We were recently invited to join a popular Polish HR-focused podcast to talk about sourcing. Before we begin, let me just say that talent sourcing is both really popular and completely underrated in Poland. You’re unlikely to find specialist sourcers here as sourcing is typically part of a recruiter’s job. So many of the best sourcers in Poland may not even know they’re sourcers. That definitely makes it tricky to hire them.
As the job market is changing, sourcing is becoming a very in demand skill and more and more companies consider introducing sourcing as a separate role. We usually advise against it, since we see the many positive sides of recruiters engaging more with potential candidates.
So what does talent sourcing in Poland look like?
We define talent sourcing as any recruiter led activity intended to increase the number of candidates in the recruitment process. It’s more than just search, although that’s clearly a major part of sourcing. But for us, sourcing also encompasses talent attraction, mainly by building a strong recruiter brand.
Something that candidates really appreciate in Poland is having a clear point of contact throughout the entire recruitment process and so separating the sourcing function doesn’t necessarily make much sense. It’s a tough market as building trust takes time. Candidates receive many recruitment messages every day and they’re much more likely to respond to a recruiter they already know or base their decision on how important the recruiter seems to be in the organisation. No one wants to invest their time speaking to someone who can’t represent their interests well in front of the hiring managers.
There are still many companies that don’t use sourcing day to day, deciding to work with recruitment agencies instead. It makes sense since they often deal with large numbers of applications for most of their roles. We even have specialist sourcing agencies on the market that have a really good level of sourcing knowledge, not just by Polish standards.
Does talent sourcing work in Poland?
Talent sourcing in Poland can work very well so if you’re not seeing good results, make sure your sourcing efforts are adjusted to the market. There are some things you should know before you start:
Polish people have a sentiment for everything that is Polish
While eBay and Amazon are incredibly popular globally, Polish people are much more likely to use Allegro since it’s a Polish brand. For years GoldenLine was competing with LinkedIn and with a good chance of winning, too. It’s the same with many other brands and products because Polish people simply have a sentiment for anything created in the country. An international employer can be attractive to some, but there’s a deep feeling of pride associated with working for a well known local brand instead. So try to make your case about why your company is attractive, without taking anything for granted.
Most people speak English, but may not feel too confident discussing more complex topics
Even when sourcing in London, I’d write my messages in Polish when approaching Polish natives. It’s one thing to speak English, it’s another to be able to negotiate the details of your next role in English. Not to mention reading through complex legal documentation. So it may be useful to have someone in your company who will be able to answer some of the more complicated questions at different stages of the process in Polish.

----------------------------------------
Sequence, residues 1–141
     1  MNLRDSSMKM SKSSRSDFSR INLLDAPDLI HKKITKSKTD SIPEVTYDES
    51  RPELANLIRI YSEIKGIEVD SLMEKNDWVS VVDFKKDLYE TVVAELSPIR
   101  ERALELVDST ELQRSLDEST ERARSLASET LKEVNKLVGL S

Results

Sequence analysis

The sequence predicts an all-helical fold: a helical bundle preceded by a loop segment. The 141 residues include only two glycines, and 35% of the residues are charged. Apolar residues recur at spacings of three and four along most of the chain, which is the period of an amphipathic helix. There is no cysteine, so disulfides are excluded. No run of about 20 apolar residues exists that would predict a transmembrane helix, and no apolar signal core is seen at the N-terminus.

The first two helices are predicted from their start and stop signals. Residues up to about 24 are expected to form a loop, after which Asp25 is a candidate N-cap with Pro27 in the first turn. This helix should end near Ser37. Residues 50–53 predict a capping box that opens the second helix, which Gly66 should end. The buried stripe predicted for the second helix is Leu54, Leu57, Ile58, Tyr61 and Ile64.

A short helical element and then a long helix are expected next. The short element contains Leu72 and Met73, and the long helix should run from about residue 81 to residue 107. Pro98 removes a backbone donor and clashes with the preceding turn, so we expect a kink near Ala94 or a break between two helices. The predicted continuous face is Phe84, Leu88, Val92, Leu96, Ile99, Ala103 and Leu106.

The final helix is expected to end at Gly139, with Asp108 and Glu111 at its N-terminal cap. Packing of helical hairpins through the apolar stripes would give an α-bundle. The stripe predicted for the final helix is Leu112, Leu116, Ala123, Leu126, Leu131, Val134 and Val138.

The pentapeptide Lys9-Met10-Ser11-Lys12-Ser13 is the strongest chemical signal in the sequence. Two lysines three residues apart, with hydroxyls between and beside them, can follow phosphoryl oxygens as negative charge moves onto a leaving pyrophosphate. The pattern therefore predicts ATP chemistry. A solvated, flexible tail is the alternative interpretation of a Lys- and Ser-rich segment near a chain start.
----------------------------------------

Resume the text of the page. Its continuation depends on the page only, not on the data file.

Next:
You will need to understand Polish employment law and job market
Hopefully, this one sounds obvious to you. The most important things to remember is that a Polish notice period is typically one or three full months. This is where a lot of recruiters come unprepared! A full month means if you hand in your notice on 2nd January, you’ll have to work until end of February, until your employer agrees to shorten your notice period. And you should know, most employees and employers alike are reluctant to negotiate this.
So make sure you plan your sourcing activity accordingly. Also pay attention to the difference between an employment contract and a business to business contract. The latter is especially popular in IT and it doesn’t grant the worker the same protections that an employment contract does. So if you can only offer a B2B contract, you’ll find it a struggle to lure in candidates currently enjoying an employment contract.
Do you really need talent sourcing in Poland?
If you’re looking to hire specialists in Poland, you may find that sourcing isn’t always necessary. A lot will depend on the roles you’re hiring for and the package you can offer. We have several job boards heavily promoting transparent salary ranges (No Fluff Jobs, Just Join IT, RocketJobs…) so if you can reveal yours and they’re competitive enough, you probably don’t need talent sourcing and may get by simply with advertising.
If you do decide to source candidates on the Polish market, you will need to invest a lot of time and effort to learn the best approach. Candidates in Poland are receiving a lot of messages every day and they will have high expectations. If you’re sourcing in IT, they will want to know all of the technical aspects of the job as well as the salary ranges. Yes, it’s possible to still get traction without revealing the salary range upfront, but it won’t be easy. Especially if your brand isn’t well known in Poland yet.
A good alternative would be to find a local sourcer to join your team or work with a freelancer. They will be able to build trust much more easily and help you build brand recognition to make future sourcing projects easier. Remember though – you’re not looking for someone whose current title is a sourcer. Just look for a recruiter who mentions sourcing as part of their activities.